ANALYSIS OF THE DISTRIBUTION OF RESEARCH REPORTS PREPARED UNDER THE EPA ECONOMIC RESEARCH PROGRAM BY SUBJECT AND PERIOD, 1971-1989 by Alan Carlin
As explained in Appendix 1, History of Economic Research at the EPA, the EPA economic research program can usefully be broken down into five historical periods based on events internal to EPA that significantly changed the nature of the program. This analysis concerns the subject distribution of reports prepared under the program during the first three of these five historical periods. Period 1 is from 1971 to 1975; period 2 is from 1976 to 1983, and period 3 is from 1983 to 1989. The analysis concerns only the subjects of reports that can be fairly definitely be identified as belonging to one of these periods and as being carried out under the auspices of the research program. The analysis is based on the subject field of reports contained in the Environmental Economics Report Inventory (EERI) on the National Center for Environmental Economics Website. The results are shown in the last six columns of Table 1 below, which show the number of reports analyzed in each period containing each subject and the percentage of reports on each subject in the reports analyzed for each period.
It is important to understand a number of limitations of the analysis resulting from the basic data used in it. The reports analyzed here are only a subset of the reports contained in EERI since reports that appear to have been funded after 1989 or not under the economic research program are not included. Only research reports have been included. Reports on workshops and papers have not been included. A number of reports have no date, so where there exists some basis for doing so I have assigned them to the period where they were most likely funded. The subject categories are the same as those used in EERI, so have the same limitations that the EERI categories have. They are based on a four-level hierarchy of categories containing many subcategories. It should be noted that in the case of some very broad reports EERI lists only the very broad categories covered rather than the detailed ones, so there is some undercounting of some of the more detailed categories. EERI is not complete since only those reports for which copies have been located have been included. The categories were developed independently of this analysis for the purpose of aiding users of EERI in locating reports of interest, and should be broadly representative of the reports during the period to which they have been assigned even though some of the reports prepared during each period are not included, mainly because the Inventory is incomplete. Some judgment had to be exercised as to the periods to which the reports were assigned since the records only show at most the date of the report and not the date of funding. The periods, however, are based on the date of funding, not the date of the resulting reports. So in a number of cases I have made educated guesses as to the period in which they were funded.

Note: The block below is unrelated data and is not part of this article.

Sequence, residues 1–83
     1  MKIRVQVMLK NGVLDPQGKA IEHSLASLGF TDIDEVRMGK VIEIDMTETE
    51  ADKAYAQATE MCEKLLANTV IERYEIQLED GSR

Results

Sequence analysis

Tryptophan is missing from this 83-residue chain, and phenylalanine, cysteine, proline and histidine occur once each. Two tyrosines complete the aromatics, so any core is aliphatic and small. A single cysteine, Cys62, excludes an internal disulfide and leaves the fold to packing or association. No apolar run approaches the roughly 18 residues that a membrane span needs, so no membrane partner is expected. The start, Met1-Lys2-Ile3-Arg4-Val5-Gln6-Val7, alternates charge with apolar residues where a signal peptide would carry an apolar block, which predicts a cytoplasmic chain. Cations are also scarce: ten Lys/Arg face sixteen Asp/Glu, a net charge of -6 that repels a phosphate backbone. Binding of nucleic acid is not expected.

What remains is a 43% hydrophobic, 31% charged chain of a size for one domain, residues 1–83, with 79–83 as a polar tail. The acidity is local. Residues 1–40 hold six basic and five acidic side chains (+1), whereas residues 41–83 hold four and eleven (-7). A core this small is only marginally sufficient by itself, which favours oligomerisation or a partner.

The analysis confirms that the major change was between the first and the second periods, when the program was greatly narrowed from a very broad menu of economic research to a much narrower one centered on the economic benefits of environmental pollution control. Although there was some further emphasis on benefits in the third period, after the first Executive Order requiring benefit-cost analysis of major regulations, the major change was between the first and second periods. Most of the increase in benefits research between the second and the third periods were in revealed preference and the new area of stated preference research.